Child abuse in the US: Resources for journalists

 
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Virtually every week, chilling accounts of child abuse make headlines nationwide — from children reportedly chained to beds and starved by their parents to hundreds of gymnasts accusing their doctor of molesting them.

Beyond the details of these nightmarish incidents, the same questions emerge: How many more cases lurk in the shadows, in quiet homes on tree-lined streets? Why do parents hurt their kids? How is justice done for the abused?

Two national efforts, the National Incidence Study of Child Abuse and Neglect (NIS) and the National Child Abuse and Neglect Data System (NCANDS), attempt to document the incidence of child abuse.

NCANDS consists of data submitted by Child Protective Services (CPS) agencies across the country. The Department of Health and Human Services publishes a report summarizing the findings from NCANDS annually.

According to this data, in 2015, CPS investigated or responded to 3.4 million children and determined that 683,000 were victims of abuse, which translates to 9.2 victims per 1,000 children nationwide. This represents a 3.8 percent increase since 2011. These cases were roughly split between boys and girls. Children younger than 3 years old comprised 27.7 percent of victims. By race, African-American children had the highest rate of victimization, though most cases of abuse — 43 percent — occurred among white children.

NCANDS reports that roughly 75 percent of abused children referred to CPS were neglected, about 17 percent were physically abused, 7 percent suffered other kinds of maltreatment, and 8 percent were sexually abused. Worldwide estimates for child sexual abuse published in the International Journal of Public Health range from about 8 to 31 percent for girls and 3 to 17 percent for boys; other research has focused on all forms of maltreatment globally.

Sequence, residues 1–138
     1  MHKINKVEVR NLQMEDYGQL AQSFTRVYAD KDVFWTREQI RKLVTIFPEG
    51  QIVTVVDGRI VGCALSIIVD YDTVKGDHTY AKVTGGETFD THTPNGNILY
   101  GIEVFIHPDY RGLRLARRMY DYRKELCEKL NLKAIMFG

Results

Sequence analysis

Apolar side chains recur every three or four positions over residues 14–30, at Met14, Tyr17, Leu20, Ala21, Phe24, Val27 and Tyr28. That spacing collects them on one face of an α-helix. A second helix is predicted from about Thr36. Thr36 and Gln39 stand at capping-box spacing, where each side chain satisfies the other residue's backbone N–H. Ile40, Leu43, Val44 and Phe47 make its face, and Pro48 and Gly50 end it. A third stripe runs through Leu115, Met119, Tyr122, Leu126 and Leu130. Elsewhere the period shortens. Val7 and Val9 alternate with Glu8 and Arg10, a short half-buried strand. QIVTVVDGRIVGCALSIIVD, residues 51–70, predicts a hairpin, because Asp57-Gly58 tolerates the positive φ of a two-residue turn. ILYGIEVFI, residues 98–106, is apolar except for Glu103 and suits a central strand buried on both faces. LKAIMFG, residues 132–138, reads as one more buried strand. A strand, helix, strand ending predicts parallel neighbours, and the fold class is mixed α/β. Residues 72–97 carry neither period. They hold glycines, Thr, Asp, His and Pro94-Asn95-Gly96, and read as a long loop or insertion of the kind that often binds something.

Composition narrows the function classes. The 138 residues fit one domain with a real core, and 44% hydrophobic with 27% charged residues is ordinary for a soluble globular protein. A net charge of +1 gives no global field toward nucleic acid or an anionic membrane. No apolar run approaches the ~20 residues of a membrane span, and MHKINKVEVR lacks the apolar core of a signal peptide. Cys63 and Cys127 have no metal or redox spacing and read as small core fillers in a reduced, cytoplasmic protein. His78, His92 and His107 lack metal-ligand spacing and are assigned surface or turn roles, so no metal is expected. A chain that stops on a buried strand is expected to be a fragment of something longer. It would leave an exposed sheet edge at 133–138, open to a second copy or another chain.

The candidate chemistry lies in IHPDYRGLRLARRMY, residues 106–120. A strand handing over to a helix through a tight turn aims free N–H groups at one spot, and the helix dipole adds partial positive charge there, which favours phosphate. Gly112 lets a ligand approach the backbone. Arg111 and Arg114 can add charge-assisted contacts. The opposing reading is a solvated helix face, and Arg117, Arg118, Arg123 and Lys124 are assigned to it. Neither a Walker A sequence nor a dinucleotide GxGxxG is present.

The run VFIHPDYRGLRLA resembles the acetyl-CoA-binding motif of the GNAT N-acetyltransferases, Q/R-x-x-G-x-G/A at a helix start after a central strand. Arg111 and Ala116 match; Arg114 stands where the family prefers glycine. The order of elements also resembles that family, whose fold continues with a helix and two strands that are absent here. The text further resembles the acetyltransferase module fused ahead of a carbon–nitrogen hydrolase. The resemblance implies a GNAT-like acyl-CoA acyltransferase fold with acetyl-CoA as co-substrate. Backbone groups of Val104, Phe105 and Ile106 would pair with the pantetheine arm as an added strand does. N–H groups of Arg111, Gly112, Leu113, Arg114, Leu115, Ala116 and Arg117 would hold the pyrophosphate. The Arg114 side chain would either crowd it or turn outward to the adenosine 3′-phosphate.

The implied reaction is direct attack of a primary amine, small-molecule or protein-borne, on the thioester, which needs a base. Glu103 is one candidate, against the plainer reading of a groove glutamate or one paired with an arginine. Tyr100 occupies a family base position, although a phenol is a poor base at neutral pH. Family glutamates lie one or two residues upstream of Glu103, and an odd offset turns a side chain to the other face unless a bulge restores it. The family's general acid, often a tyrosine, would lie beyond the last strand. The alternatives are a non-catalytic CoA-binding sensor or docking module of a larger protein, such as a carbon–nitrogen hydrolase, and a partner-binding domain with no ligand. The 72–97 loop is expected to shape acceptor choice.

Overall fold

In the Journal of Child and Adolescent Trauma, researchers have put a finer point on forms of child abuse, defining child torture as severe, repeated abuse through the analysis of numerous cases.

NCANDS data documented 1,670 child fatalities in 2015. Three-quarters of these children were younger than 3 years old. Nearly 80 percent of these deaths involved parents, though in 19 percent of fatalities someone else was to blame

A look into case files from the Cook County Medical Examiner’s Office in Chicago, Illinois spanning 2007 to 2012 found that head injuries were the leading cause of death in child abuse homicides. A national review of child deaths from 2005 to 2009 found similarly that 30 percent of child maltreatment deaths had head trauma.

Many abuse fatalities likely were preceded by a history of maltreatment. Research on the link between child maltreatment and death finds that “children with a prior allegation of maltreatment died from intentional injuries at a rate that was 5.9 times greater than unreported children.”

The National Incidence Study of Child Abuse and Neglect (NIS) also collects data from CPS along with “sentinel” agencies such as schools and health and law enforcement organizations. The latest NIS report, referred to as NIS-4, was published in 2010, and reviews data from 2004 to 2009. NIS estimates of abuse are higher than NCANDS figures. Its data suggests approximately 1.25 million children — or 1 in 58 nationally — experienced maltreatment in the study year, 2005 to 2006. The agency reports that 61 percent were neglected and 44 percent were abused. About 58 percent of these cases of abuse were physical, 24 percent were sexual and 27 percent were emotional. Neglect was primarily educational (e.g., truancy) — 47 percent of cases — but also physical (38 percent) and emotional (25 percent).